On Sunday, November 7th, I took a trip to the Metropolitan Museum of Art in New York City. The Ancient Egyptian Art exhibit that was on display amazed me. One of the most alluring pieces I saw was “Sahure and a Nome God,” a gneiss high-relief statue which was created between 2458 BCE and 2446 BCE. In this statue, the second Egyptian King of the Fifth Dynasty, Sahure, sits on the throne with the small god of
showed first 75 words of 760 total
showed last 75 words of 760 total
presented as in their physical prime, with bulging muscles so that they appear composed eternally in the statue even after their bodies have decayed.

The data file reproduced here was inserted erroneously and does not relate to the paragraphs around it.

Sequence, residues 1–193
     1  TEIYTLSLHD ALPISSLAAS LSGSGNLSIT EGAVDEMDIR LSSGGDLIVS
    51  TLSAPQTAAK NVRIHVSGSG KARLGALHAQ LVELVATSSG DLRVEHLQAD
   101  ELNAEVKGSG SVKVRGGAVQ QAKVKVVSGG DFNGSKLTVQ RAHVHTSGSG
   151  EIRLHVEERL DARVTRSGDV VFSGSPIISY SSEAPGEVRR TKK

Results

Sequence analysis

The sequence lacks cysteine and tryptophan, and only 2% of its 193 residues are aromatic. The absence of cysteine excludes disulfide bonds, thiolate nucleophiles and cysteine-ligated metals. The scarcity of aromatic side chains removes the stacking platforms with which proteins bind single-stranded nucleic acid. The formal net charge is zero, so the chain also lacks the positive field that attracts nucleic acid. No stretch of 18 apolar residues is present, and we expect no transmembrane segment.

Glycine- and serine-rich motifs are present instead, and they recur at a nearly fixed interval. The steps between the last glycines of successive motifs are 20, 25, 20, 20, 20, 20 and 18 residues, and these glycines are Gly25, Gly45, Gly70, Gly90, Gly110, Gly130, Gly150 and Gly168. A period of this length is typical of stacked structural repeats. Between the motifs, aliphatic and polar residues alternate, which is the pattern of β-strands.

The scale and position of figures in Ancient Egyptian art indicates relative importance. In the statue, Sahure is the largest figure because he is the king, and thus more important than the nome. Additionally, Sahure is also positioned slightly in front of the nome, also revealing his supremacy over the nome.